Doers understand and accept that forming productive relationships by removing the impediments that separate them from the quirky personalities of their teammates is not likely to happen naturally. The tenets of teamwork described below and in the blog that follows provide guidelines for building task-based relationships, so that when Doers encounter whiners, slackers, misfits, or loners the focus is on their task and not on their personalities.
Collaborative Spirit: You can accomplish more by working together than you can by working alone.
Before you decide to join forces with another person, you have to ask yourself the question: How do I benefit from this relationship? At first glance, there may appear to be very little benefit other than making the other party happy. You may have to dig a little deeper before you discover that you really need what the other person brings to the table. It helps sometimes to list the skill sets you have and compare them to what you know about the other person.
Even if you believe the other person to be incompetent, you will never know for certain until you work along side him or her long enough to confirm your suspicions. Think of it this way: a coworker brings to the job a unique set of abilities, which when matched with yours has the potential for improving the odds that you will both succeed.
Something heartwarming and emotionally uplifting happens when two individuals complete a difficult task that neither could have accomplished without the other. A collaborative spirit emerges that was not there before. Your desire to continue the relationship increases and you all feel motivated to aim higher on the next project.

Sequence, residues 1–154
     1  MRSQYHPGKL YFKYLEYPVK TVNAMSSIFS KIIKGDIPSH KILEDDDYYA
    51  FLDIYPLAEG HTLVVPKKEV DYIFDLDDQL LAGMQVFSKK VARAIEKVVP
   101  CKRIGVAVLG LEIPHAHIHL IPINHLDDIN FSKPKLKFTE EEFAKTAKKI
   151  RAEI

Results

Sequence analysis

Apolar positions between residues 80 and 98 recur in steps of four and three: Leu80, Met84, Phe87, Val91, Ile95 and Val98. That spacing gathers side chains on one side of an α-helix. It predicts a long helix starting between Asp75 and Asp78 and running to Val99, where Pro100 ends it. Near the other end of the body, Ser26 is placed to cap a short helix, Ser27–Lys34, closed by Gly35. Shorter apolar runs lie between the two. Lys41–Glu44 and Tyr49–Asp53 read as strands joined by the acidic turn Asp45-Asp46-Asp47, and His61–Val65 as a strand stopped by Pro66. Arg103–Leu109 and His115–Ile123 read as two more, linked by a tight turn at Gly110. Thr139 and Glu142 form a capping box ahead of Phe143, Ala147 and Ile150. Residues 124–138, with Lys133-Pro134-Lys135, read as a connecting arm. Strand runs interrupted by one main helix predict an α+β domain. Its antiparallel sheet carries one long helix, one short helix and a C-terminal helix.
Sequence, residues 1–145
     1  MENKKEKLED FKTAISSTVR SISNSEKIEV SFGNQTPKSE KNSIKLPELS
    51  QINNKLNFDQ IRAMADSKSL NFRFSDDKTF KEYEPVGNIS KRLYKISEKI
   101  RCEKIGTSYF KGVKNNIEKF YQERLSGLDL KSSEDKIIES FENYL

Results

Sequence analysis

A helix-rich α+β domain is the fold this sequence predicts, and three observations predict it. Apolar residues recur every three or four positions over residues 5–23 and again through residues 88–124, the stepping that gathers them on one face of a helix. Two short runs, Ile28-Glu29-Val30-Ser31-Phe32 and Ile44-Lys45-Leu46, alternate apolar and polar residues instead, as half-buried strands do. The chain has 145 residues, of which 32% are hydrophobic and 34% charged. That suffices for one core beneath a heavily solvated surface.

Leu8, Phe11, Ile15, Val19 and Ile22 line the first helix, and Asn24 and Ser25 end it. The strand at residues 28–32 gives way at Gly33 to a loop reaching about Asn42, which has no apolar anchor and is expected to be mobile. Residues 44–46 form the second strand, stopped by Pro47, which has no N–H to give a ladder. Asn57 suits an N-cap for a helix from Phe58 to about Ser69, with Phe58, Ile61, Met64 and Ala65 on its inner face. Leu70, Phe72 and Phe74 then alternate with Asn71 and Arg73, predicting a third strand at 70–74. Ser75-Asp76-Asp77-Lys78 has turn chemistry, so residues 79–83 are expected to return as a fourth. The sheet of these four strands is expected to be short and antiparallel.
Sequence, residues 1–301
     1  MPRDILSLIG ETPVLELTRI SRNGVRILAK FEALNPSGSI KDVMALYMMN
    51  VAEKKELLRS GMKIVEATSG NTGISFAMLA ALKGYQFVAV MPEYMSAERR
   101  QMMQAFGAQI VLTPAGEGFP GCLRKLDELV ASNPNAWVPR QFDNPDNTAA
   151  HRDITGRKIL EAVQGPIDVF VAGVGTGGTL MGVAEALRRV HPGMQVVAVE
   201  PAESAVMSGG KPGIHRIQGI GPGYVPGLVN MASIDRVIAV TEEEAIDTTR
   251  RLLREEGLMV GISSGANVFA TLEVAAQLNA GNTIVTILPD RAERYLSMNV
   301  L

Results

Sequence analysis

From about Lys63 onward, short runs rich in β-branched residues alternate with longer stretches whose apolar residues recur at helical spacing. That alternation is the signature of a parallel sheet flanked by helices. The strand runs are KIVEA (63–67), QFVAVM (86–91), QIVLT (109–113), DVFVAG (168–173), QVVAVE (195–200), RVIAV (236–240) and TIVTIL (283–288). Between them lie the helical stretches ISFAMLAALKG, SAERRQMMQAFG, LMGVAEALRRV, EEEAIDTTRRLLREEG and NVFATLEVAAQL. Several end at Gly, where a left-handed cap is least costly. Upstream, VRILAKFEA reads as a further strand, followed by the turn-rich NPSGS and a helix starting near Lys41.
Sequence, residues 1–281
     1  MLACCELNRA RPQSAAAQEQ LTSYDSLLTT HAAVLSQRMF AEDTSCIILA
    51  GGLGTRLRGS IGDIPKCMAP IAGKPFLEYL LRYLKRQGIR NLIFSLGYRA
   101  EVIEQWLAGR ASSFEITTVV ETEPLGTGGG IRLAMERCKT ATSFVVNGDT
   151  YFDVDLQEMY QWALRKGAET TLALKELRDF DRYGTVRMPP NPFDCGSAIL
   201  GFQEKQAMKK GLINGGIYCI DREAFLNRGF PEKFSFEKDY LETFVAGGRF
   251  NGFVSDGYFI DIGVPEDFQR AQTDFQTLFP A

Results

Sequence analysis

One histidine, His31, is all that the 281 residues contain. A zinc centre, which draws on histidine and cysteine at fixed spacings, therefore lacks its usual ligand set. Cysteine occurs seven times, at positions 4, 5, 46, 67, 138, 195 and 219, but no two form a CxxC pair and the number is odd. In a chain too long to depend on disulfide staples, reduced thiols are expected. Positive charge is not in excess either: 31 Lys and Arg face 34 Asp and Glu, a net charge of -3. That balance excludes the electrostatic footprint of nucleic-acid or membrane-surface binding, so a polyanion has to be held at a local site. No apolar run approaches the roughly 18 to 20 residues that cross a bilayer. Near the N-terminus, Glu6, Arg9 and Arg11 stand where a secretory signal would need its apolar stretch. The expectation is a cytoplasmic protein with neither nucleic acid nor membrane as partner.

Common Purpose: Work on the same things at the same time.
Problem solving and decision-making are two separate functions. Working simultaneously on both will create confusion and divert team energy. Solving a problem calls for people who are comfortable recalling intricate details, and remembering forgotten bits and pieces that may help to solve the mystery. It makes sense to begin the search for a solution by sharing your collective memories of what could have caused the deviation from expectations.
Making decisions is more about setting a new course to change in the future. This requires people who are good at thinking forward. In order to develop a common purpose from which to make their decision, teammates must agree to refocus their attention to what lies ahead.
The priority in working with others is to establish a common purpose and focus before you pool your knowledge and begin your work. Without first determining a common purpose, much time and energy will be wasted arguing over who is right and who is wrong. It also increases the chances of missing the point or doing something stupid.